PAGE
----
What benefits do you and your employees absolutely need?
You are not legally allowed to ask your employees about their medical history, but you can make some assumptions regarding how much coverage might be needed. If your employees are generally young and relatively healthy and single, then less coverage (and a lower monthly cost) might be sufficient.
If your employee base is a bit older, married, or has small or teenage children, then more coverage might be preferred. You can ask your employees things like, “Would you rather pay a lower monthly premium vs. a lower deductible?”
What is the reputation of the insurance company?
Make sure to take a look at customer reviews, ask other small business owners you know and check to see how financially viable the organization is before making a decision.
Gut feeling also isn’t a bad measure -if you don’t like the way they treat you when you’re first asking about plans or you find their website confusing, those issues will definitely not go away once they are dealing with your employees. Those issues can cause your employees massive amounts of stress if they need to interface with the company at all.
Integrate health insurance premiums into payroll
Health insurance premiums can either be deducted from an employee’s salary pre-tax or post-tax. Pre-tax saves the employee money in the long run, as the healthcare costs are removed from gross payroll and not subject to any federal, state, social security or Medicare taxes.
In most cases, employees who participate in employer health insurance plans have their deductions taken pre-tax. In order to make sure that you are in compliance with federal law, your employee health benefits plan must be compliant with IRS Code Section 125.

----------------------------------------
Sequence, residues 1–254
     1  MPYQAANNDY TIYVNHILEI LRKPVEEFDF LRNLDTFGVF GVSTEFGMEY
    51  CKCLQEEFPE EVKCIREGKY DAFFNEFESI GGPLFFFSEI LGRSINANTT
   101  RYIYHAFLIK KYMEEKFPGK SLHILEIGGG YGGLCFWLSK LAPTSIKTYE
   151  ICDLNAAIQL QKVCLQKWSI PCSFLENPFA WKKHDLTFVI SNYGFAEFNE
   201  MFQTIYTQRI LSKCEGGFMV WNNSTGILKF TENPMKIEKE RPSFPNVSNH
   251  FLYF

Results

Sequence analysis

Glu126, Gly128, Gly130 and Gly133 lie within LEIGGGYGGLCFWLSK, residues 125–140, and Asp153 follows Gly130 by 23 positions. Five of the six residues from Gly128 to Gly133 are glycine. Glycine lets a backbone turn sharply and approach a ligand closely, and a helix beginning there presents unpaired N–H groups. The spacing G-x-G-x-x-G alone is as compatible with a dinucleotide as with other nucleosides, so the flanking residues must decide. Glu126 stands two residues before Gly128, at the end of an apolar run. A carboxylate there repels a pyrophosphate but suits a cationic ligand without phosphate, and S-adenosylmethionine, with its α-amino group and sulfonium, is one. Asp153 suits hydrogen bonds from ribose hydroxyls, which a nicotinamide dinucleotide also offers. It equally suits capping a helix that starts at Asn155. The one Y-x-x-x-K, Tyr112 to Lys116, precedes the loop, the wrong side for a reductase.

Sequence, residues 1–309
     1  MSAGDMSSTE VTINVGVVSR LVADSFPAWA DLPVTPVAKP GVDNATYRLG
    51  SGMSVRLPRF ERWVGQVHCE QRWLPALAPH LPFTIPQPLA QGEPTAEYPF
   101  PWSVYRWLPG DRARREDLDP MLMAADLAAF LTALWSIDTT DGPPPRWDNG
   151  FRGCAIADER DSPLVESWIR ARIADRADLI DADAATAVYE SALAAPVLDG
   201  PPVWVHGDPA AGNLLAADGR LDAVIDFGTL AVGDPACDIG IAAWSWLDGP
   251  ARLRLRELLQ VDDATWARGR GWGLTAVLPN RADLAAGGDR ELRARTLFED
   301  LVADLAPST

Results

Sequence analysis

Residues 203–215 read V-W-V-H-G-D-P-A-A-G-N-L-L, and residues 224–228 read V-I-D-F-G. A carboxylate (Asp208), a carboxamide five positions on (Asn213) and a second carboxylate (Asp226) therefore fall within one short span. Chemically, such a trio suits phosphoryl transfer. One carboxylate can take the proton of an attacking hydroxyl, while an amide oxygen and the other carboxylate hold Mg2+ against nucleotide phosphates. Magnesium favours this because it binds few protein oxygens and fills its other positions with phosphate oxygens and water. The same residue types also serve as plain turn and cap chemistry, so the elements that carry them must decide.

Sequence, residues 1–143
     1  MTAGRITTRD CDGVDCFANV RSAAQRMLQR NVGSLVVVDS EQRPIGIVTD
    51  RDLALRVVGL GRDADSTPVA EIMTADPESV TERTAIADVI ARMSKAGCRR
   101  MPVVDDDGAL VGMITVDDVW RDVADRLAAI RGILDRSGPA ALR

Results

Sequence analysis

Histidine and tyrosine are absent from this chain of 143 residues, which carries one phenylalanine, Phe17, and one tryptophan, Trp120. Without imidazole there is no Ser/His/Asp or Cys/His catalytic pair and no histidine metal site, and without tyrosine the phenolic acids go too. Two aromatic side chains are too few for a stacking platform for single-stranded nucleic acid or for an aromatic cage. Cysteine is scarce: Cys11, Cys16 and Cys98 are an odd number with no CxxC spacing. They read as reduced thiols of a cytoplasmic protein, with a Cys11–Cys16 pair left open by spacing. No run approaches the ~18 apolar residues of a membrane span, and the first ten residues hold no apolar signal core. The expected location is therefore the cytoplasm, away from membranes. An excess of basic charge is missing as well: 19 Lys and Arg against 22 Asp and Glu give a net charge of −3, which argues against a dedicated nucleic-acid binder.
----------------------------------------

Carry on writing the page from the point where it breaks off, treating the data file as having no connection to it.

Post-tax deductions are normally calculated for employees who choose their own health insurance plans and opt-out of their employer’s pre-tax option.
Make a decision that best fits your business and employees
Based on all the considerations listed above, it’s easy to see how small business owners will need to devote a significant amount of time to vetting the different group health insurance options available. It’s important to remember that this won’t be a snap decision to make, and you don’t want it to be. You will be making a significant financial commitment, and it makes sense to take time making that decision.
Moreover, it’s important to get it right the first time. While it’s possible to switch plans during the open enrollment period (which typically falls around November, December or January), changing plans means you and your employees may need to find new doctors and adapt to the ins and outs of a brand new company. That can be highly annoying and stressful, too.
Offering your employees health insurance benefits makes you competitive in the job market, improves employee morale and can qualify you for tax breaks. It’s worth getting it right when you’re making such a huge decision that affects everyone on your staff.